Computational Discovery of Instructionless Self-Replicating Structures in Cellular Automata

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@Article{Pan:2010:AL,
  author =       "Zhijian Pan and James A. Reggia",
  title =        "Computational Discovery of Instructionless
                 Self-Replicating Structures in Cellular Automata",
  journal =      "Artificial Life",
  year =         "2010",
  volume =       "16",
  number =       "1",
  pages =        "39--63",
  month =        "Winter",
  keywords =     "genetic algorithms, genetic programming",
  ISSN =         "1530-9185",
  DOI =          "doi:10.1162/artl.2009.16.1.16104",
  abstract =     "Cellular automata models have historically been a
                 major approach to studying the information-processing
                 properties of self-replication. Here we explore the
                 feasibility of adopting genetic programming so that,
                 when it is given a fairly arbitrary initial cellular
                 automata configuration, it will automatically generate
                 a set of rules that make the given configuration
                 replicate. We found that this approach works
                 surprisingly effectively for structures as large as 50
                 components or more. The replication mechanisms
                 discovered by genetic programming work quite
                 differently than those of many past manually designed
                 replicators: There is no identifiable instruction
                 sequence or construction arm, the replicating
                 structures generally translate and rotate as they
                 reproduce, and they divide via a fission like process
                 that involves highly parallel operations. This makes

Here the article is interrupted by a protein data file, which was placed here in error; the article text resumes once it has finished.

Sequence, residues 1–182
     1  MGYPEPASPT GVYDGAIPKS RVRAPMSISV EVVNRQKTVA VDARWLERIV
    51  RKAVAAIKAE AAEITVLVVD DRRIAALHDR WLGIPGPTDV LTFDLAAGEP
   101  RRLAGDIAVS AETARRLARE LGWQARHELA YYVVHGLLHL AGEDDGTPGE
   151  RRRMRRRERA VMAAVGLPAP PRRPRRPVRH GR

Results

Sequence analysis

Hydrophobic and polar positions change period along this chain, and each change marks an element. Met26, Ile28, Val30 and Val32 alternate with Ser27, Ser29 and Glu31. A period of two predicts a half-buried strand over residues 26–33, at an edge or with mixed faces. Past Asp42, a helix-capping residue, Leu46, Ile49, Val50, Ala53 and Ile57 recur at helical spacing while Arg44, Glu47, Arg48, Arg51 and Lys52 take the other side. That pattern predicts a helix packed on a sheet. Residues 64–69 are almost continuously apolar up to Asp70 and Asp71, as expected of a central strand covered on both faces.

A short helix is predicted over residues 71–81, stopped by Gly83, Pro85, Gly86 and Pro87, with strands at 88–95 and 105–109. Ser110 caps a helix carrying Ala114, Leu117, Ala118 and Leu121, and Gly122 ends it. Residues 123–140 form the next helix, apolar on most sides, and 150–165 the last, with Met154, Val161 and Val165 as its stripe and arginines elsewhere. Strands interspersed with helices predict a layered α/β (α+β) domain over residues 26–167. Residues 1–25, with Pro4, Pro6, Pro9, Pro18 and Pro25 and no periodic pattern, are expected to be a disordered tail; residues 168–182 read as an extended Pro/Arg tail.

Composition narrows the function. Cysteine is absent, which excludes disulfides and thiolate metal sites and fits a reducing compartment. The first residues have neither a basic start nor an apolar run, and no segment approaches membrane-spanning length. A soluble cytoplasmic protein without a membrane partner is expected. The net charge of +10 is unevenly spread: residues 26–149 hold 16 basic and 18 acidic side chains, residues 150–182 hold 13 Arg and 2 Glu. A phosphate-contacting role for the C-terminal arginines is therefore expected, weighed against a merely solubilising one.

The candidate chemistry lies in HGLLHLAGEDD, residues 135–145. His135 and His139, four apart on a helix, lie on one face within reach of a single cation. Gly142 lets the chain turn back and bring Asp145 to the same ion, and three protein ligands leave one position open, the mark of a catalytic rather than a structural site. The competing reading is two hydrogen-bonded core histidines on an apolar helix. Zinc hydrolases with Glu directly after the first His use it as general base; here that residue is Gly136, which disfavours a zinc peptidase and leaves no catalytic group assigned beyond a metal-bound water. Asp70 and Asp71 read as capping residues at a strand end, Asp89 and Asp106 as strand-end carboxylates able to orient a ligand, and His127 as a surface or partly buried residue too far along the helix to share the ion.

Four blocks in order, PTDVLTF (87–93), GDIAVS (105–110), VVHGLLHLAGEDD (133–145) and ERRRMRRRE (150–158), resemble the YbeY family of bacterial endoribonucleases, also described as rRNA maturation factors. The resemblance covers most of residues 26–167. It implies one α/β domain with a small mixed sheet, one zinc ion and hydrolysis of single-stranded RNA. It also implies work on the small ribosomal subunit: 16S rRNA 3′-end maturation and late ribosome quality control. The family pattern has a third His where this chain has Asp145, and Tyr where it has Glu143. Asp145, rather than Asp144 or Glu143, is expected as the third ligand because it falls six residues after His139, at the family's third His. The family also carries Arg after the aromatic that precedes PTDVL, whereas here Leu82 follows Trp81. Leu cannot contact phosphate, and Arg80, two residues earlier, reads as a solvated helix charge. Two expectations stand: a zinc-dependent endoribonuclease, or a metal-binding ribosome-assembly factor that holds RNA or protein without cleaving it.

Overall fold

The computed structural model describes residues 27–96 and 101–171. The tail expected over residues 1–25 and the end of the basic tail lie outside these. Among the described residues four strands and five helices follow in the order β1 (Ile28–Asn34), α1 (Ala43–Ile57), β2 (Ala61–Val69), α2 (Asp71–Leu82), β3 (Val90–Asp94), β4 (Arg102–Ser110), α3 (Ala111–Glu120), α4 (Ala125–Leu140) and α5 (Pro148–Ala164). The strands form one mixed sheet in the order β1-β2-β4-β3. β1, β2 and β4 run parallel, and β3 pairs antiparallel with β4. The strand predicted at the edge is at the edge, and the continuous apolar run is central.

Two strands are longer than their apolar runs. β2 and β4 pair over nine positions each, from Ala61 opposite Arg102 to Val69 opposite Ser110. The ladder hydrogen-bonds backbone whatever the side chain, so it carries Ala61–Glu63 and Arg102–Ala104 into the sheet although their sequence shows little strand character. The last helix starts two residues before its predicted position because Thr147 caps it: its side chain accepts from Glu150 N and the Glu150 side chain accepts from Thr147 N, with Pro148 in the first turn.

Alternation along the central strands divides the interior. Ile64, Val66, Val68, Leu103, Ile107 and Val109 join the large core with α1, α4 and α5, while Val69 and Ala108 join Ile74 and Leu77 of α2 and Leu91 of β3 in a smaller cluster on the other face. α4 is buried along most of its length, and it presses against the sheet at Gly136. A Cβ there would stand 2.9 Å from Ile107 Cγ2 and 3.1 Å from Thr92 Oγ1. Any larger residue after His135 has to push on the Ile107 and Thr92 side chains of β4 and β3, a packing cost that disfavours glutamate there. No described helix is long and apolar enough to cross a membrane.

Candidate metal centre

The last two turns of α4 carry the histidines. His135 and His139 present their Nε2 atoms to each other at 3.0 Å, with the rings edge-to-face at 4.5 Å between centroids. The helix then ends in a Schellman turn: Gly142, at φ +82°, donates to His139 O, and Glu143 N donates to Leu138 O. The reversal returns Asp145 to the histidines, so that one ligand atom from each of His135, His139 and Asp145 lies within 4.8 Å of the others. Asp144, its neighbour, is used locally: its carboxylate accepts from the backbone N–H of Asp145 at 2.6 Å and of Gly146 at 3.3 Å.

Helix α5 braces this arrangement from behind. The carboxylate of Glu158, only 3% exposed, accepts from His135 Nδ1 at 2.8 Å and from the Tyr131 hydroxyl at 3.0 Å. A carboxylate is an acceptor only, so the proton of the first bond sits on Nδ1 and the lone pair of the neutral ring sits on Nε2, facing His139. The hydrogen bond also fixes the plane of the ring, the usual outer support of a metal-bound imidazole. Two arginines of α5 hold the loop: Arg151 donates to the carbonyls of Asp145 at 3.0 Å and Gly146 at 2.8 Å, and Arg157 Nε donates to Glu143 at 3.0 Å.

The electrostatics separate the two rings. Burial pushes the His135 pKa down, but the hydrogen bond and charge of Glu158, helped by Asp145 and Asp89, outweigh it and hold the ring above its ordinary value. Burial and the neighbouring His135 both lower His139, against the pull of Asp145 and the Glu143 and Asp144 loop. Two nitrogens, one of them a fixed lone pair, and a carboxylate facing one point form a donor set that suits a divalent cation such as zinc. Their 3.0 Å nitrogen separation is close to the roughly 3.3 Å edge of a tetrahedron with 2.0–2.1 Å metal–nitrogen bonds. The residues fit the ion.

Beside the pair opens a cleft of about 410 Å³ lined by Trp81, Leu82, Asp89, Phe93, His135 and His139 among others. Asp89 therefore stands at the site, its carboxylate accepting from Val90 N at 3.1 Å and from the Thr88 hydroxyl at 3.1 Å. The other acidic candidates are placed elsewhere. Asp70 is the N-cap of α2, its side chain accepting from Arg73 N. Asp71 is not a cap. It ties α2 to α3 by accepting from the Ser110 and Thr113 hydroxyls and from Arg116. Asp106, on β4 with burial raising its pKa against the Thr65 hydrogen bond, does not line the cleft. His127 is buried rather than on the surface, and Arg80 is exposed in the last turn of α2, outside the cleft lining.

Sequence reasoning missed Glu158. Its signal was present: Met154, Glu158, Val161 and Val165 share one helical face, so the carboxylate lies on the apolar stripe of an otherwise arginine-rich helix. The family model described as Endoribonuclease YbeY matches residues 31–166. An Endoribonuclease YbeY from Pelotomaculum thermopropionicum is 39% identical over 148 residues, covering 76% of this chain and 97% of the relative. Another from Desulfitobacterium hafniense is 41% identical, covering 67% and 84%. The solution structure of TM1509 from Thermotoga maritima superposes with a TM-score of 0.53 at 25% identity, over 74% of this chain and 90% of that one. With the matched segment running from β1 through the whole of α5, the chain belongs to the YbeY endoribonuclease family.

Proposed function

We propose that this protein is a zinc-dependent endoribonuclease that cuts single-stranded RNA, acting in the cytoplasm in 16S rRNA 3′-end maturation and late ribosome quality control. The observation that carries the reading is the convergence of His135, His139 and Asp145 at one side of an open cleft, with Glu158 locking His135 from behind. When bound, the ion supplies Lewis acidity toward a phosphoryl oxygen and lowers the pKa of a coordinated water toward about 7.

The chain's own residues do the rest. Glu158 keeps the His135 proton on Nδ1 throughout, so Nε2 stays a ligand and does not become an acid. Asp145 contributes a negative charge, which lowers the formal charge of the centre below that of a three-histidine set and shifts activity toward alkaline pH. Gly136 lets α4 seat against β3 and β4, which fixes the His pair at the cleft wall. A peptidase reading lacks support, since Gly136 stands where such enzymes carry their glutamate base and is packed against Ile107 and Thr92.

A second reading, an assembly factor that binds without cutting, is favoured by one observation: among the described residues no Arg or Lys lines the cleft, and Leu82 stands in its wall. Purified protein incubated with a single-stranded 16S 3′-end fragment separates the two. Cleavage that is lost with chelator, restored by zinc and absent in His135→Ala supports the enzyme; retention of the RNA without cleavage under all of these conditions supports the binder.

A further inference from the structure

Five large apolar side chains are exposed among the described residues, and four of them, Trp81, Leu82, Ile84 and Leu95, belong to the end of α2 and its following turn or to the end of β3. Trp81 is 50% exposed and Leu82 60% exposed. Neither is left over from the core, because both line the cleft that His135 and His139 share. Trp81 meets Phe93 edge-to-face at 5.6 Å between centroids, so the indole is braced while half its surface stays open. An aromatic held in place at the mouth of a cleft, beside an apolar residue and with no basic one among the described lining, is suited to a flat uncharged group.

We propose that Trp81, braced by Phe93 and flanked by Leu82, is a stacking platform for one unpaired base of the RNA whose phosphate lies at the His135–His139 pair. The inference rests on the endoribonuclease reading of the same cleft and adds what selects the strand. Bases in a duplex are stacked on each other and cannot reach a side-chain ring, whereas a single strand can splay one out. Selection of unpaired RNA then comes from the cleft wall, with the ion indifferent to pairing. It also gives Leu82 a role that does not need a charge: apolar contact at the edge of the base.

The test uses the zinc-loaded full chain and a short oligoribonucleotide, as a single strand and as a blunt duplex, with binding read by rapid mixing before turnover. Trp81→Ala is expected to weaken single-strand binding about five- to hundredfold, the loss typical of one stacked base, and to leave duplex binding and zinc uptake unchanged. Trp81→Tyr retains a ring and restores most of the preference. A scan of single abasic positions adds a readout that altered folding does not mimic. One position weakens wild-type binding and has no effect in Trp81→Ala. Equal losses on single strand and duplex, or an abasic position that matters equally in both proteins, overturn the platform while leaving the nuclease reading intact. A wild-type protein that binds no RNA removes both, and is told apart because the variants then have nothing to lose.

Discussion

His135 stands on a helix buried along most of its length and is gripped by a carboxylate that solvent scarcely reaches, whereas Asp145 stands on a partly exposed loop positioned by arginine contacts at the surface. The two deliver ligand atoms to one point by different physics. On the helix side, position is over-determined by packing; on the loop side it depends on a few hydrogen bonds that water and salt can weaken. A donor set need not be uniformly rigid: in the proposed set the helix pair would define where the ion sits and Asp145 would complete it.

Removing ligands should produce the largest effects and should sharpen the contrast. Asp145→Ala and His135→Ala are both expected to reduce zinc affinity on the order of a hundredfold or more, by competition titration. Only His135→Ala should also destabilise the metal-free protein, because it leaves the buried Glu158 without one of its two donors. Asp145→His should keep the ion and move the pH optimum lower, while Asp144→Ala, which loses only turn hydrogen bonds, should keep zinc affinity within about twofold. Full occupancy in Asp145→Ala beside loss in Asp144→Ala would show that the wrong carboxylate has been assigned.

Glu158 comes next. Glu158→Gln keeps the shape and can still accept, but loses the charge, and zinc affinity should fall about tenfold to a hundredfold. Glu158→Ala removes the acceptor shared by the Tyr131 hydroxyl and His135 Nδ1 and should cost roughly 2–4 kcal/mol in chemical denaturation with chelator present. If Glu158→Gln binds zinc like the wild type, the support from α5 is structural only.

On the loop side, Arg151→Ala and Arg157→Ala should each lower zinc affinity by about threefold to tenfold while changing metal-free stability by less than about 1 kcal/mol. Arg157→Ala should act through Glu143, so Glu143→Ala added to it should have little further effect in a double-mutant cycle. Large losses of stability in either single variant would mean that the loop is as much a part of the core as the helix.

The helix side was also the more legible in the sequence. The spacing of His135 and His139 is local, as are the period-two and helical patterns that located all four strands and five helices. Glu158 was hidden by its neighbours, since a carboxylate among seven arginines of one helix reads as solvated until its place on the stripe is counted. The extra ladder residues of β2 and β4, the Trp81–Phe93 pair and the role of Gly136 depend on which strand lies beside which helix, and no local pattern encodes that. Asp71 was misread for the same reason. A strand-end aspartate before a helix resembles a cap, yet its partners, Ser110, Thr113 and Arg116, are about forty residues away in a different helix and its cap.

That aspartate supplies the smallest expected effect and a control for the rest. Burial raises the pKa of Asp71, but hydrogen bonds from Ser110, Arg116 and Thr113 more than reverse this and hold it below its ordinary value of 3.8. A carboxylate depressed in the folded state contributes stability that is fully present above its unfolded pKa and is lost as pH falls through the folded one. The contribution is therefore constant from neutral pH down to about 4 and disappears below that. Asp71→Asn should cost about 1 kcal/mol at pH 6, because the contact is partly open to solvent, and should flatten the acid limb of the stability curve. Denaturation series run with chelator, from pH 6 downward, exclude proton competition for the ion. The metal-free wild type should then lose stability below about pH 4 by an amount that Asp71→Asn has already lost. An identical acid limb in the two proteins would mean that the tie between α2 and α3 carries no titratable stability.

replication very fast, and one cannot identify which
                 descendant is the parent and which is the child. The
                 ability to automatically generate self-replicating
                 structures in this fashion allowed us to examine the
                 resulting replicators as their properties were
                 systematically varied. Further, it proved possible to
                 produce replicators that simultaneously deposited
                 secondary structures while replicating, as in some past
                 manually designed models. We conclude that genetic
                 programming is a powerful tool for studying
                 self-replication that might also be profitably used in
                 contexts other than cellular spaces.",
  notes =        "IBM Annapolis Lab, 1997 Annapolis Exchange Parkway,
                 Annapolis, MD 21401, USA. Computer Science Department,
                 University of Maryland, College Park, MD 20742, USA.",
}

Genetic Programming entries for Zhijian Pan James A Reggia

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